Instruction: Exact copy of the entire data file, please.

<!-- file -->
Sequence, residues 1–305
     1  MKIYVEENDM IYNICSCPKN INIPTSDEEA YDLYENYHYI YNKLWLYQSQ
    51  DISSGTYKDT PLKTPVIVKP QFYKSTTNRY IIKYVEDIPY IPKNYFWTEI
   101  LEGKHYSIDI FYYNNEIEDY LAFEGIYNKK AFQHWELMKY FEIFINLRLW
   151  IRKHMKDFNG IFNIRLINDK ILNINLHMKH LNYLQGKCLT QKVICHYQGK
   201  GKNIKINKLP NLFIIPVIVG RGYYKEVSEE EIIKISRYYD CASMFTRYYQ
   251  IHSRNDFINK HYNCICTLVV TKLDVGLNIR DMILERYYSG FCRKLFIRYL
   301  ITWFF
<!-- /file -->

Sequence, residues 1–305
     1  MKIYVEENDM IYNICSCPKN INIPTSDEEA YDLYENYHYI YNKLWLYQSQ
    51  DISSGTYKDT PLKTPVIVKP QFYKSTTNRY IIKYVEDIPY IPKNYFWTEI
   101  LEGKHYSIDI FYYNNEIEDY LAFEGIYNKK AFQHWELMKY FEIFINLRLW
   151  IRKHMKDFNG IFNIRLINDK ILNINLHMKH LNYLQGKCLT QKVICHYQGK
   201  GKNIKINKLP NLFIIPVIVG RGYYKEVSEE EIIKISRYYD CASMFTRYYQ
   251  IHSRNDFINK HYNCICTLVV TKLDVGLNIR DMILERYYSG FCRKLFIRYL
   301  ITWFF